Honestly, before experiencing stillbirth myself, I don't remember hearing about it or even knowing what the word meant. I certainly never thought it could happen to me. After all, I was fullterm in a healthy pregnancy with a healthy and perfect beautiful baby girl. Everything was great, I was simply awaiting Lily's anticipated arrival.
That is until everything came crashing down around me in the early morning hours of March 16, 2010... when I arrived at the hospital in labor, 2 days past my due date. Her heart rate couldn't be detected by the nurse, so my doctor brought in the ultrasound machine. And it was then that the devastating news was confirmed. Her heart had stopped beating. Just stopped. No reason, no explanation. At some point in the 5 days since my last prenatal appointment, where her heart had been strong as it'd always been, it ceased. Her perfect heart that created the most beautiful melody.
In the days that followed, others asked me how I didn't know, how I couldn't tell that she was gone? The best way I know to explain it, the way I've heard other stillbirth parents explain it as well, is that we simply thought our babies had run out of room. I thought Lily was big and therefore that is why I didn't feel her as much. And I did feel her, only now looking back, the only way I can describe that is that she felt like she was floating. That's a haunting memory.
You don't think stillbirth happens.
You certainly don't think it'll happen to you.
Until it does.
You play and replay everything leading up to the moment you heard the life-changing words that your baby had died. You wonder how you could have changed what happened.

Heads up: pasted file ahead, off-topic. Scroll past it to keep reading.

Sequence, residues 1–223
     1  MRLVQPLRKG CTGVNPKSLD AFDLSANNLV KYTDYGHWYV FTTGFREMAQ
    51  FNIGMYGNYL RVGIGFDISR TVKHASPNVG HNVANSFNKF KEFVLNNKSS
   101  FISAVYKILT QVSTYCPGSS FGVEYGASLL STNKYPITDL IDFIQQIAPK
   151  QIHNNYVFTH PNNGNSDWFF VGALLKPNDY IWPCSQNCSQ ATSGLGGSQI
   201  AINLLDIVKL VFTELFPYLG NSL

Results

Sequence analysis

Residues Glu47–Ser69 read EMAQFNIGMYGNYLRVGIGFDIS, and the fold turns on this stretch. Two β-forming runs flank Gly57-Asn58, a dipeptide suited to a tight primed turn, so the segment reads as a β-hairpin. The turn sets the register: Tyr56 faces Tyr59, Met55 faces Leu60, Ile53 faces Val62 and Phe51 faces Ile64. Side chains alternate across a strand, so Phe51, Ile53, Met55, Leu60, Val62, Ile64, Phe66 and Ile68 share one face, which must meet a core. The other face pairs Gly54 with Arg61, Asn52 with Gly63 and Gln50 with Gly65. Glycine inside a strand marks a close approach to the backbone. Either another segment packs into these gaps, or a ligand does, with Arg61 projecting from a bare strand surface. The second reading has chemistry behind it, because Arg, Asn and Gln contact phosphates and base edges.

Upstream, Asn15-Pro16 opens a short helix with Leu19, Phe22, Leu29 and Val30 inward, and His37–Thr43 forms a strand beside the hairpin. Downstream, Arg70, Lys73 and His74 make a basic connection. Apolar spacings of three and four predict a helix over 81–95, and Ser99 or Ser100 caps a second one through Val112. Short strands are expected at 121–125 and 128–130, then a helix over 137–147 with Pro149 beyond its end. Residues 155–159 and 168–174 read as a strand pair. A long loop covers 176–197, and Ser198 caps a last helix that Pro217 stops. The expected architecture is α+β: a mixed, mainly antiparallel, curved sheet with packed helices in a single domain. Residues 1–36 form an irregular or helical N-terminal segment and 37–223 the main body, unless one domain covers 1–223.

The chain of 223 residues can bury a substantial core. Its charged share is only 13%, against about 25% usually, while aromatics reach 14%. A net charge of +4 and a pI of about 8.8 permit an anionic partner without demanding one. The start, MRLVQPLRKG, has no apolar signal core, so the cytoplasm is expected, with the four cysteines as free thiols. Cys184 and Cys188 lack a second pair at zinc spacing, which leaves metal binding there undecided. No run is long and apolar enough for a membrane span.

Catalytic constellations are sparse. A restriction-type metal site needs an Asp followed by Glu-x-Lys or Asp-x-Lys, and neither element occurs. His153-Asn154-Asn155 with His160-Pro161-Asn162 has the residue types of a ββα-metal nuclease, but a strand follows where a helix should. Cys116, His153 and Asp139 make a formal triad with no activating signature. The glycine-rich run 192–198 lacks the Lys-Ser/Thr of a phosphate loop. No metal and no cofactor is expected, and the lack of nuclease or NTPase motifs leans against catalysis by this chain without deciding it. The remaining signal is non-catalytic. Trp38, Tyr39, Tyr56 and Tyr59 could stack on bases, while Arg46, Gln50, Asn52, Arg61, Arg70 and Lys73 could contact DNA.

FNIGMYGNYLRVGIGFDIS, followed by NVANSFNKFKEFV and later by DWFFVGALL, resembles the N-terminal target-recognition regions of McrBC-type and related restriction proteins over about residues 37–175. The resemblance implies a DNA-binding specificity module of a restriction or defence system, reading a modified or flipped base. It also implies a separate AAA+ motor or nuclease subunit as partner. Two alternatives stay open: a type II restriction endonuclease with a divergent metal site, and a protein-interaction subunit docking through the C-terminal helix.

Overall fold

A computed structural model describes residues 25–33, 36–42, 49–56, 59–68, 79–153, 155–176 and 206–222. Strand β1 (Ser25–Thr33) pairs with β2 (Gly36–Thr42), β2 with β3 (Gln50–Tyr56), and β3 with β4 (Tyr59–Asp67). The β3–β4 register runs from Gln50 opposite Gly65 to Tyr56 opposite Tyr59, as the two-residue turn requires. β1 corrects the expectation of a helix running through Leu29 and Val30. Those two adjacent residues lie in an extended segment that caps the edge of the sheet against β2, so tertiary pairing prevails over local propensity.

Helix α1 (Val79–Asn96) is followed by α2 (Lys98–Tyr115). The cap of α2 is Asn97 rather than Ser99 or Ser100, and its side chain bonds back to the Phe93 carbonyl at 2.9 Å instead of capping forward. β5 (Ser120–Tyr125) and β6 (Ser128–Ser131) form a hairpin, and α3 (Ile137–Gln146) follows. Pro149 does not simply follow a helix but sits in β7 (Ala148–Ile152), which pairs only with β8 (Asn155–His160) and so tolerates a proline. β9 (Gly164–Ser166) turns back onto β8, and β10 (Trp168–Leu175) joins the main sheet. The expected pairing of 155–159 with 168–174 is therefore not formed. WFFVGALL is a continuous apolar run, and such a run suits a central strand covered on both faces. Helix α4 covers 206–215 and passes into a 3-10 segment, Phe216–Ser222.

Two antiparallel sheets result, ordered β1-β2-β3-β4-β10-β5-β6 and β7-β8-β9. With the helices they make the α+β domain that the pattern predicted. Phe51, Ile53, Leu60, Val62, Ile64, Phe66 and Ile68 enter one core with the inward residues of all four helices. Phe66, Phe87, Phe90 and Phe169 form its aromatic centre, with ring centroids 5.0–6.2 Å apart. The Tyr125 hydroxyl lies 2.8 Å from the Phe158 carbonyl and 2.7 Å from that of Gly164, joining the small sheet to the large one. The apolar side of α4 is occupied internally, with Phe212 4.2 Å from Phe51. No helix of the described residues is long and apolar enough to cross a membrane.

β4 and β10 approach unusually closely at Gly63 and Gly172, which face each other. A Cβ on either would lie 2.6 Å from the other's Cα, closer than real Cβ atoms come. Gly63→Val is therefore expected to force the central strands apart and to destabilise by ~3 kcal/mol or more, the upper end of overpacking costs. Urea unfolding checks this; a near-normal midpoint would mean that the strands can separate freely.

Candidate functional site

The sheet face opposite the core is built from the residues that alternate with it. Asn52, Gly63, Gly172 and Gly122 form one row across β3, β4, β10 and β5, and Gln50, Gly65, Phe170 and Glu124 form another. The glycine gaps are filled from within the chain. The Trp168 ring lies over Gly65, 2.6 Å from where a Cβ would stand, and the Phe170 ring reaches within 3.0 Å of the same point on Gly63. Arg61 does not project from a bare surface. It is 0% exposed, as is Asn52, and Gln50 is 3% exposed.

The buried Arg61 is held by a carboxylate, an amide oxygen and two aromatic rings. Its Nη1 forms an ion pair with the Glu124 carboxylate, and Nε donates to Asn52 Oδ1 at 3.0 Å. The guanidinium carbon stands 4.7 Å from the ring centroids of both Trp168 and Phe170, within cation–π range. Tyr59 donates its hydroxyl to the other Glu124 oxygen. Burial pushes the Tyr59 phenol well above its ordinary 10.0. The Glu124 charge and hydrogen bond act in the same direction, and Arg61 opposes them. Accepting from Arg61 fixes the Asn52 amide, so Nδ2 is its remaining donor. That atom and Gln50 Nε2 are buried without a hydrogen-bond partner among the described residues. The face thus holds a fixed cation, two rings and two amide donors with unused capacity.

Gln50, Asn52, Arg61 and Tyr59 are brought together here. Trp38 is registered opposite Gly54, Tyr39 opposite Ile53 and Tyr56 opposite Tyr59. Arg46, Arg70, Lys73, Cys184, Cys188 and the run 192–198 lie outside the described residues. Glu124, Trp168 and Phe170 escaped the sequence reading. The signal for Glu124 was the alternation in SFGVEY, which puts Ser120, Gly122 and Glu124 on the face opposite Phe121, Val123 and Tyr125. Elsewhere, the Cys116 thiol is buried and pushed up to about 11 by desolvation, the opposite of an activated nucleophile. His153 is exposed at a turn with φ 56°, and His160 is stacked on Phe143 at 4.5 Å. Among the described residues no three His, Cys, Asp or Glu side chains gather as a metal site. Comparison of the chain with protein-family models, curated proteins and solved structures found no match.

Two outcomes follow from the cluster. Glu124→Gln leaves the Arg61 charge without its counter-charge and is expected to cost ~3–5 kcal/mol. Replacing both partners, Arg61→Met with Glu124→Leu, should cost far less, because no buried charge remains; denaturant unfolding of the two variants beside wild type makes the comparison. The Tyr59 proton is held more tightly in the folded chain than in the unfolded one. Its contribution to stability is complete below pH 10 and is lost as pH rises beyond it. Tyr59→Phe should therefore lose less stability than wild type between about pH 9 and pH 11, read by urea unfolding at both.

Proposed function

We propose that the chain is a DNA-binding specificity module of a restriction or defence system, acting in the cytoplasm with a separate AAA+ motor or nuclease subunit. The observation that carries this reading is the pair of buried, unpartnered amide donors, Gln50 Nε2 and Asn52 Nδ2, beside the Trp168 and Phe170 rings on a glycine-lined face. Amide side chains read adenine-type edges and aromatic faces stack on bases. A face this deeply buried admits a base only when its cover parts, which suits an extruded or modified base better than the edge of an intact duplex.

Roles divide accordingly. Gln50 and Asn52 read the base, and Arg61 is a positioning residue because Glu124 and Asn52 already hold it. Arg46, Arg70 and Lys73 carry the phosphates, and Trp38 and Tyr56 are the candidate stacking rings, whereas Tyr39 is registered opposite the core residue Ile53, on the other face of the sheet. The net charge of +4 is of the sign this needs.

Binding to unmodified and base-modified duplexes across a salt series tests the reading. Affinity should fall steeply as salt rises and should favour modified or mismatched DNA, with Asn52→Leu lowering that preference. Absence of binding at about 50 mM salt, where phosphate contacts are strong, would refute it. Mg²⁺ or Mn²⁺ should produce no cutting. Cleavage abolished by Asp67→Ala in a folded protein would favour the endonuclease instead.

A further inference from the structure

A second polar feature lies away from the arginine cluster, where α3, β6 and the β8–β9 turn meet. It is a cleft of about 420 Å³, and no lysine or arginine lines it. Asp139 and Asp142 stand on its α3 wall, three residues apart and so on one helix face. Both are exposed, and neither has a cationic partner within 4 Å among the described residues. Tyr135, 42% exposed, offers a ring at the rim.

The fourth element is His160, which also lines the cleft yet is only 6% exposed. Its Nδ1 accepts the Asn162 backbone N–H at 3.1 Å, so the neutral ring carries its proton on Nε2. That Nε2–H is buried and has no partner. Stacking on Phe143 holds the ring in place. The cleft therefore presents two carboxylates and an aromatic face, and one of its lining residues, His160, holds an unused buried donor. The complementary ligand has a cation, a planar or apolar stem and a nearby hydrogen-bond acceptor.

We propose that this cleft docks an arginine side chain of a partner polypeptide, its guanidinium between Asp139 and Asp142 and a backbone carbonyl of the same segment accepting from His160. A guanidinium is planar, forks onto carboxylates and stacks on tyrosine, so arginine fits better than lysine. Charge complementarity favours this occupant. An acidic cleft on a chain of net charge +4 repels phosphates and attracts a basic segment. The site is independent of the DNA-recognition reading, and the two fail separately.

26,000 babies are stillborn every year in the United States.
Each baby represents a family that most likely never thought it could be them.
"Stillbirth is known as the great equalizer - if you think it can't happen to you and your child, you're wrong. Stillbirth strikes all races, all religions, all walks of life. And it happens much more often than anyone likes to think about." ~Heather Fettig
Stillbirth throws families into a world of burials and headstones, and endless missing.
There are some ways to fight stillbirth. Pregnant mothers and those who know pregnant mothers: please take note of the importance of counting kicks. Become familiar with your own baby's unique movement pattern and be sure to be aware if the movements are not typical. This has literally saved babies lives.
#1 - Babies do not run out of room to move. They will run out of room for somersaults but they should be moving all the way up to and during labor.
#2 - Call right away if you notice a change in your baby's movement pattern. Even if you have an appointment scheduled for the next day, do not wait.
Listen to your gut. Don't let anyone make you feel like you are being a nuisance or dramatic. I don't think pregnant mothers should be wound up tight and constantly anxious about tracking their baby's movement, but it should be an intentional thing.
Once a pregnant mom is into the 3rd trimester (28 weeks) it's time to start counting.
Here's how you do it, as shared by Count the Kicks:
-Count the Kicks every day, preferably at the same time.
-Pick your time based on when your baby is usually active, such as after a snack or meal.
-Make sure your baby is awake first; walking, pushing on your tummy or having a cold drink are good wake-up calls,
-To get started, sit with your feet up or lie on your side. Count each of your baby's movements as one kick, and count until you reach 10 kicks. After a few days you will be able to see a pattern for your baby.
-Most of the time it will take less than a half-hour, but it could take as long as two hours.
-Log your recorded times using our Count the Kicks App or a kick chart.
For more information, visit the Count the Kicks website.
Honor the babies who were stillborn and protect your own baby by counting the kicks.
My Lily Katherine
March 16, 2010
7 pounds 9 ounces
Perfect and beautiful, but without a heartbeat